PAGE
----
INDIANAPOLIS - U.S. Sen. Joe Donnelly reported a $1.3 million third quarter on his FEC report and has $4.6 million cash on hand. Donnelly officially kicked off his reelection campaign in August and said that 84% of his donors gave $50 or less. U.S. Rep. Luke Messer reported $735,000 and will have $2.4 million cash on hand.  Messer’s fundraising this quarter was dominated by Hoosier grassroots support. With nearly 1,000 contributions and over 80% of them coming from within Indiana, it's clear Luke Messer has emerged as the choice for conservative Hoosiers. "I'm honored and humbled to have the support of so many Hoosiers from every region of the state," said Messer. This cycle, Messer has raised $2.26 million, outpacing the U.S. Sen. Todd Young who reported $2.16 million at this point in 2015. Additionally, Messer’s third-quarter outpaced Senator Young’s, who ended the quarter with $721,000 raised.

  • Atomic: Trump Iran nix; 1st Amendment threat; Sasse retort
    By BRIAN A. HOWEY, in Indianapolis

    1. Trump to decertify the Iran deal: Here are your Thursday power lunch talking points: On the topic of continuing the Iran nuclear deal, Defense Sec. Jim Mattis was asked by Sen. Augus King at a Senate Armed Services Committee, “Do you believe it's in our national security interest at the present time to remain in the JCPOA [Iran nuclear deal]? That's a yes or no question.” Mattis responded, “Yes, senator, I do.” When Joint Chiefs Chairman Joseph Dunford was asked about the Iran deal, he said, “Iran is not in material breach of the agreement, and I do believe the agreement to date has delayed the development of a nuclear capability by Iran.” Our British and German allies are on the same page.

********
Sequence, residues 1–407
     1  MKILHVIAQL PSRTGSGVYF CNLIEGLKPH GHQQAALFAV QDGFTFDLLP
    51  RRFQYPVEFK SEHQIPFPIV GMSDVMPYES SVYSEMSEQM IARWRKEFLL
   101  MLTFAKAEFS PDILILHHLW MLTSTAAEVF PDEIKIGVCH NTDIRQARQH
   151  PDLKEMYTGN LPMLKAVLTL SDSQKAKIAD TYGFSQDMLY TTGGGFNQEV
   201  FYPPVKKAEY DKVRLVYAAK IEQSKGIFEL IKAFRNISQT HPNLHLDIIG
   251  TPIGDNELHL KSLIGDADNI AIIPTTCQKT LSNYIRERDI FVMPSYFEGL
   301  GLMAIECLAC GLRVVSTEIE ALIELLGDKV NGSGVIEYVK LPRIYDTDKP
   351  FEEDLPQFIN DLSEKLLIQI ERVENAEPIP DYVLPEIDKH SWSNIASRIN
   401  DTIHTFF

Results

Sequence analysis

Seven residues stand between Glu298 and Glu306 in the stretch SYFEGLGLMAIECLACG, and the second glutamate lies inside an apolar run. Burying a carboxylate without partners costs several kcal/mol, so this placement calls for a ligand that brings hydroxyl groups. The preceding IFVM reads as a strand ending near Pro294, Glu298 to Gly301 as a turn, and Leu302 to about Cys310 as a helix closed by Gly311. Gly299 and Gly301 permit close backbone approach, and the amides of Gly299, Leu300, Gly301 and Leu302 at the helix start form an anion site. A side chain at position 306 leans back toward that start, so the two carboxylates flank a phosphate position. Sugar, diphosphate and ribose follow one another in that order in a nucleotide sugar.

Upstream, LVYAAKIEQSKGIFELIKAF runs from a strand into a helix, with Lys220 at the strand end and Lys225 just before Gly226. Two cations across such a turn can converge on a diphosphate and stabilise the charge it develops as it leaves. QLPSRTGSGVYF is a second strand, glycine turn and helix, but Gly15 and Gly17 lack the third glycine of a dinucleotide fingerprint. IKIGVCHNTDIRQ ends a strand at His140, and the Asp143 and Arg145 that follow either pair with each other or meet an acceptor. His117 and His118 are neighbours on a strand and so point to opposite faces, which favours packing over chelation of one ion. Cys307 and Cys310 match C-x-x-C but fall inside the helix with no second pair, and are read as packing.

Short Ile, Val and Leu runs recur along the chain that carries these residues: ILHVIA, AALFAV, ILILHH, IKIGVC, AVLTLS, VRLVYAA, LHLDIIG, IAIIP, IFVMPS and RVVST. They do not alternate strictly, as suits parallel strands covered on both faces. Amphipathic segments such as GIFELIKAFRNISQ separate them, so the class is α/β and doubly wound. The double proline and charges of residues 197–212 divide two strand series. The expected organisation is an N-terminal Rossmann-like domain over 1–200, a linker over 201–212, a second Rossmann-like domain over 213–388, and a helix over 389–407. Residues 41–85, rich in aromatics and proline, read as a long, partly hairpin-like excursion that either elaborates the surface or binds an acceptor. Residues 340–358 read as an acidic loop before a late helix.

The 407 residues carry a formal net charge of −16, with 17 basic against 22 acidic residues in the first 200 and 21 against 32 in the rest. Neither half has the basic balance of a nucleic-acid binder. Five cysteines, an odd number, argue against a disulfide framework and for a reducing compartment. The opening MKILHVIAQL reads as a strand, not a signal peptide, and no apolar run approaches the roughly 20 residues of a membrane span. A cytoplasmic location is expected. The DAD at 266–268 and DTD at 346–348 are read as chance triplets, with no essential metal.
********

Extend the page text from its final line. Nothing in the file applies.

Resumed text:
• Atomic! Insults, nukes & hacks; Hall enters; booze mythology
    By BRIAN A. HOWEY, in Indianapolis